6L'Esperance, Jr., Ophthalmic Lasers Photocoagulation, Photoradiation, and Surgery, pp. 529-538, 1983, The C.V. Mosby Company.
Referenced by
Citing PatentFiling datePublication dateApplicantTitle
US6406473 *Oct 1, 1999Jun 18, 2002Visx, IncorporatedPatient fixation system and method for laser eye surgery
US6610050 *Jul 27, 2001Aug 26, 200320/10 Perfect Vision, Optische Geraete GmbhLaser beam delivery system with multiple focal points
US6610051Oct 12, 2001Aug 26, 200320/10 Perfect Vision Optische Geraete GmbhDevice and method for performing refractive surgery
US6805694May 8, 2002Oct 19, 2004Wavelight Laser Technologie AgLaser system for corneal grafting
US6902561Mar 21, 2003Jun 7, 2005Intralase Corp.System and method for improved material processing using a laser beam
US7077521Jul 22, 2004Jul 18, 2006Thomas David ESystem and method for reconstruction of aberrated wavefronts
US7101364 *May 2, 2003Sep 5, 200620/10 Perfect Vision Optische Geraete GmbhMethod and apparatus for intrastromal refractive surgery
US7189224Mar 18, 2005Mar 13, 2007Intralase Corp.System and method for improved material processing using a laser beam
US7351241 *Jul 23, 2003Apr 1, 2008Carl Zeiss Meditec AgMethod and apparatus for precision working of material
US7662148 *Nov 12, 2004Feb 16, 2010Technolas Perfect Vision GmbhSystems and methods for intrastromal scanning patterns
US7717905 *Nov 1, 2004May 18, 2010Technolas Perfect Vision GmbhTime-resolved scanning patterns for intrastromal surgery
US7717907Dec 17, 2007May 18, 2010Technolas Perfect Vision GmbhMethod for intrastromal refractive surgery
US7717908Apr 17, 2008May 18, 2010Technolas Perfect Vision GmbhMethod patterns for intrastromal refractive surgery
US7726811May 8, 2007Jun 1, 2010Lai Shui TSubjective wavefront refraction using continuously adjustable wave plates of Zernike function
US7748844Jun 15, 2007Jul 6, 2010Lai Shui THigh visual acuity contact lenses
US7798641Sep 5, 2008Sep 21, 2010Heidelberg Engineering GmbhFinite element model of a keratoconic cornea
US7892225Dec 17, 2004Feb 22, 2011Technolas Perfect Vision GmbhDevices and methods for separating layers of materials having different ablation thresholds
US7892226Mar 6, 2006Feb 22, 2011Amo Development, Llc.Method of corneal surgery by laser incising a contoured corneal flap
US7921852 *Jul 13, 2004Apr 12, 2011Carl Zeiss Meditec AgMethod and device for forming curved sections in a transparent material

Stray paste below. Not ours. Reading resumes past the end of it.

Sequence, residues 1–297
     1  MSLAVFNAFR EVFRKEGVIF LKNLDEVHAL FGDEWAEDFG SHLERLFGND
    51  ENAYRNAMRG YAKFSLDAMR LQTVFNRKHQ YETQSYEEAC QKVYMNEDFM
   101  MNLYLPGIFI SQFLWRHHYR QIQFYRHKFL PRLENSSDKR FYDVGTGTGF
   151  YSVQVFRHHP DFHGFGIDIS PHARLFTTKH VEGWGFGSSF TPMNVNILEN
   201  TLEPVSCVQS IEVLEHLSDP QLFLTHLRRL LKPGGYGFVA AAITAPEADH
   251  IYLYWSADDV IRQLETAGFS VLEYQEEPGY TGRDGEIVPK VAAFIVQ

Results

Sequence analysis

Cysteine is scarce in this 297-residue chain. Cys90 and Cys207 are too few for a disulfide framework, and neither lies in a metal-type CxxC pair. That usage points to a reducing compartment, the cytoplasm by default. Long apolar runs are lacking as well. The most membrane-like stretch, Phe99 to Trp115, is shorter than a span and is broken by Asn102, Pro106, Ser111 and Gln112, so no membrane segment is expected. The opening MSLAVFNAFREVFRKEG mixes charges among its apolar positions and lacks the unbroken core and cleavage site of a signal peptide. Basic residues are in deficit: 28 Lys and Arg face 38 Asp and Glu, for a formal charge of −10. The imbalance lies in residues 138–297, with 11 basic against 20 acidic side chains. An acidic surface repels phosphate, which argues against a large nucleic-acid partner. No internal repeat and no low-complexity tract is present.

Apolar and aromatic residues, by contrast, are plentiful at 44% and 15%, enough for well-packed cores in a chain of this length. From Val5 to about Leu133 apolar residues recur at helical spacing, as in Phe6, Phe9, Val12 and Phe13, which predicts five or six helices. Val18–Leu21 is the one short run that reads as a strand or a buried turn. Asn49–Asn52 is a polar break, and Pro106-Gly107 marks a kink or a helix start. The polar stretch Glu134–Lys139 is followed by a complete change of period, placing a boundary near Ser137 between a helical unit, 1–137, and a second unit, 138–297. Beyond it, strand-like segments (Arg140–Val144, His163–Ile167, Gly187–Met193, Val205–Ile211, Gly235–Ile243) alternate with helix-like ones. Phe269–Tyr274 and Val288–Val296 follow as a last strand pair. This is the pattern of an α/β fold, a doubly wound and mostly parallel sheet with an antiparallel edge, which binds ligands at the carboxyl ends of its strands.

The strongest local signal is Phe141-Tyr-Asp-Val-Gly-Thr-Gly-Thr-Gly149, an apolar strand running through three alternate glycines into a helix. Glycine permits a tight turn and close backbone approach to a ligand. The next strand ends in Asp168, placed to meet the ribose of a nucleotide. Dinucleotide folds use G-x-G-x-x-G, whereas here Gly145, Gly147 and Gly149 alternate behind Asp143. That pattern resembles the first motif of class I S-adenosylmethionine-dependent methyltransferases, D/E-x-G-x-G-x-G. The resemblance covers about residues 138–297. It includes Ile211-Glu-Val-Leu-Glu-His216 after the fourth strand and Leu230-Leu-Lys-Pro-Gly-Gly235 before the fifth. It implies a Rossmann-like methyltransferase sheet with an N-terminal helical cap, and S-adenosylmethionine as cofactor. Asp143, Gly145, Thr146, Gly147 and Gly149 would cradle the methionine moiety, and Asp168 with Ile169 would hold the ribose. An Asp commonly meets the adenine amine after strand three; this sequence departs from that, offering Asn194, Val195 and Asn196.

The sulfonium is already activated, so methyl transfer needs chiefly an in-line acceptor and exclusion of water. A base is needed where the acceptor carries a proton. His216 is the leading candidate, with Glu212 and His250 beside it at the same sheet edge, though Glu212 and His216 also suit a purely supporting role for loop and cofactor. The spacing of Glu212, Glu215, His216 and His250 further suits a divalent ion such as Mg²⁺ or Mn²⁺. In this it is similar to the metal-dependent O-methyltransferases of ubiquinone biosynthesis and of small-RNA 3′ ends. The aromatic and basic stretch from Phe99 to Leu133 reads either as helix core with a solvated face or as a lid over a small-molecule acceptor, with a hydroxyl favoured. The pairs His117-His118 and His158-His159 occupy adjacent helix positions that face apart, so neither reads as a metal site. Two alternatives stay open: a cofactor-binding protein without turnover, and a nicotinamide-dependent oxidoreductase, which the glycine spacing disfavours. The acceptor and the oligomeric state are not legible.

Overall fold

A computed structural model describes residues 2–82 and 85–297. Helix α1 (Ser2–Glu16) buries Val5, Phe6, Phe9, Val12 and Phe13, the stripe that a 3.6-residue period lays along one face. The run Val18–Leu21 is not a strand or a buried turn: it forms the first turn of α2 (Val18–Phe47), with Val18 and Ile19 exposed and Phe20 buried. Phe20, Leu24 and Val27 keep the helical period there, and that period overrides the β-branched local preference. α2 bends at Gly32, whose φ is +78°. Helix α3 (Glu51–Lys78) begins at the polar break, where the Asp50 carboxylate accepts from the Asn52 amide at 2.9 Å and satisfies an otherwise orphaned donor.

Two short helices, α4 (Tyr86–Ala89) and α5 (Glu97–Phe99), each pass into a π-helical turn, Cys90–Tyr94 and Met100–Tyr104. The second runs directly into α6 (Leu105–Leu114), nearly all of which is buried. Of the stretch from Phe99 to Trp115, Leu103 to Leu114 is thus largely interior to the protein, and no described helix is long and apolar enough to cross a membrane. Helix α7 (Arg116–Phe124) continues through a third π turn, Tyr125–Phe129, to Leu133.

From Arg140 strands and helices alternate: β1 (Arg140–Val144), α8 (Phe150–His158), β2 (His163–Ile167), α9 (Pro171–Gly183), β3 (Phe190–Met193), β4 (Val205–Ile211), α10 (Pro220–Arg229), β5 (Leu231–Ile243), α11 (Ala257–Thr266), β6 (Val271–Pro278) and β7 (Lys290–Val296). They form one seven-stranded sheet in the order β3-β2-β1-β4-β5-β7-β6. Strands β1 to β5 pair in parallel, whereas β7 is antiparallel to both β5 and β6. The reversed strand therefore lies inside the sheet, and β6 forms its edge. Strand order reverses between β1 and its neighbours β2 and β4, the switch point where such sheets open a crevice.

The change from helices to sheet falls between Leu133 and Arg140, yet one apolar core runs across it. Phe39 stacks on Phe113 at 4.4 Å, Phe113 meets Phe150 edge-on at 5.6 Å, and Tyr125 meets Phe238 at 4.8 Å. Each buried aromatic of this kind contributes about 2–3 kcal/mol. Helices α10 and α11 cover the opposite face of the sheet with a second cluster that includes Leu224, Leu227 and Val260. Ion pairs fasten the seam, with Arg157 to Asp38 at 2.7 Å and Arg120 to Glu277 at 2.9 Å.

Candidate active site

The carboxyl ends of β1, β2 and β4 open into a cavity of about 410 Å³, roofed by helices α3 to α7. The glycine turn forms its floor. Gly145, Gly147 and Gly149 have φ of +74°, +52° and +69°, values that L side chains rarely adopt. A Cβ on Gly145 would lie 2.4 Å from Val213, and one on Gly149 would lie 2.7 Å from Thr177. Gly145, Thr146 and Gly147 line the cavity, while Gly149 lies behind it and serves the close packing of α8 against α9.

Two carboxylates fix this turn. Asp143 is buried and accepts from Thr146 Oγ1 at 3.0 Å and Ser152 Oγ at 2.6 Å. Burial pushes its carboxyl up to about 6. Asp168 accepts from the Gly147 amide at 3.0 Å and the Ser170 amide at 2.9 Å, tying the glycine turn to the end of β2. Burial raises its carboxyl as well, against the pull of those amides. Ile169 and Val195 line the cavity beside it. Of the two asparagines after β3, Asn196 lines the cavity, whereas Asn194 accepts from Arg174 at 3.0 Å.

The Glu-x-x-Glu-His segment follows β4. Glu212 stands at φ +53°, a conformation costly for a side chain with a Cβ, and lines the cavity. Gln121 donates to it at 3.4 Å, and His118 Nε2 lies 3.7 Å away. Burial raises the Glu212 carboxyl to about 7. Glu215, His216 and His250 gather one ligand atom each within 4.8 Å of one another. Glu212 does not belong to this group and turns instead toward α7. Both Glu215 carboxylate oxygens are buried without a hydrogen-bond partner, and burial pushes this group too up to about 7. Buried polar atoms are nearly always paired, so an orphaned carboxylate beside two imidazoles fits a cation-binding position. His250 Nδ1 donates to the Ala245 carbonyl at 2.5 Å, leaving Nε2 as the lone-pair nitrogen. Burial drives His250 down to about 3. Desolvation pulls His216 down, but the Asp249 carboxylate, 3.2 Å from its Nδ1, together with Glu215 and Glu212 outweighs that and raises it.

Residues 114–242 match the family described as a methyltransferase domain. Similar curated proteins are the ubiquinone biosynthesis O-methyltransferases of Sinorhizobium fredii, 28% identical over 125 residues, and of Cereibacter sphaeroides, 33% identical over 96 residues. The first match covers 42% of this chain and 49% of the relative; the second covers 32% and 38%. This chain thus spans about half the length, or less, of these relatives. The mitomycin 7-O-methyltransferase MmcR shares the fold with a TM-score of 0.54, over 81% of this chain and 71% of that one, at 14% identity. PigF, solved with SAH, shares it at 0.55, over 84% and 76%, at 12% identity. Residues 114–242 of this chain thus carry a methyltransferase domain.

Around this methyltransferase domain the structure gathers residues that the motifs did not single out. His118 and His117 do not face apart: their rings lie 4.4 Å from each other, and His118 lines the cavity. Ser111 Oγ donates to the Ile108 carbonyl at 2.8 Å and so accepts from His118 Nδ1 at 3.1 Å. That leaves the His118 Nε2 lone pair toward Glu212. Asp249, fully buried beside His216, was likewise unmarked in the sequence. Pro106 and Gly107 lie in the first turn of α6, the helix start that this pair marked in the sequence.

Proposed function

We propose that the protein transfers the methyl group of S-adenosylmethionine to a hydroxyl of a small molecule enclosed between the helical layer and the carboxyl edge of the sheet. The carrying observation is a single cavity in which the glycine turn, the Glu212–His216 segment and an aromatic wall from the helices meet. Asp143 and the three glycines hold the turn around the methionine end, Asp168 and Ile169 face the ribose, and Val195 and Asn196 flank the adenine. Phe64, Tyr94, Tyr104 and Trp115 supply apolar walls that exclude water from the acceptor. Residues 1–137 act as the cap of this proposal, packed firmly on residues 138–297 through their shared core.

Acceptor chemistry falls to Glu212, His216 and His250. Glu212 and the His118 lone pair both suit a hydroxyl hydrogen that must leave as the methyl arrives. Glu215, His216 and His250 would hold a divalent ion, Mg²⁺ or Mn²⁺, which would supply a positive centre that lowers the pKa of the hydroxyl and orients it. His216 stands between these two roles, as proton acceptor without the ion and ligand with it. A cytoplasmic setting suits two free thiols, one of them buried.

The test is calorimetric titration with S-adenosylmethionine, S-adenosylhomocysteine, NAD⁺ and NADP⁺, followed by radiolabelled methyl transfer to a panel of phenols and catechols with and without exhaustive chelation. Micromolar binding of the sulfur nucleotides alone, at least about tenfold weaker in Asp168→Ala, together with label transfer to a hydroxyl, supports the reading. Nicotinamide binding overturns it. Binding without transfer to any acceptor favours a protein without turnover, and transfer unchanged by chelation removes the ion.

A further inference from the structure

US7959284Jul 25, 2007Jun 14, 2011Lai Shui TMethod of making high precision optics having a wavefront profile
US8092446Oct 13, 2006Jan 10, 2012Carl Zeiss Meditec AgDevice and method for material processing by means of laser radiation
US8171937 *Feb 1, 2008May 8, 2012Carl Zeiss Meditec AgMethod and apparatus for precision working of material
US8182471Feb 21, 2007May 22, 2012Amo Manufacturing Usa, Llc.Intrastromal refractive correction systems and methods
US8182472May 22, 2009May 22, 2012Amo Manufacturing Usa, Llc.Intrastromal refractive correction systems and methods
US8231612Nov 19, 2007Jul 31, 2012Amo Development Llc.Method of making sub-surface photoalterations in a material
US8246609Jun 29, 2009Aug 21, 2012Amo Development, Llc.Intracorneal inlay, system, and method
US8262220May 31, 2011Sep 11, 2012Lai Shui TMethod of making high precision optics having a wavefront profile
US8292877Feb 20, 2012Oct 23, 2012Amo Development, Llc.System and method for incising material
US8366701Jan 27, 2009Feb 5, 2013Technolas Perfect Vision GmbhSystem and method for correcting higher order aberrations with changes in intrastromal biomechanical stress distributions
US8377048Jan 6, 2009Feb 19, 2013Technolas Perfect Vision GmbhMinimizing the side-effects of refractive corrections using statistically determined irregularities in intrastromal incisions
US8388609Dec 1, 2008Mar 5, 2013Amo Development, Llc.System and method for multibeam scanning
US8394084 *Jan 9, 2006Mar 12, 2013Optimedica CorporationApparatus for patterned plasma-mediated laser trephination of the lens capsule and three dimensional phaco-segmentation
US8403921Aug 16, 2012Mar 26, 2013Optimedica CorporationMethod and apparatus for patterned plasma-mediated laser trephination of the lens capsule and three dimensional phaco-segmentation
US8409179May 14, 2010Apr 2, 2013Technolas Perfect Vision GmbhSystem for performing intrastromal refractive surgery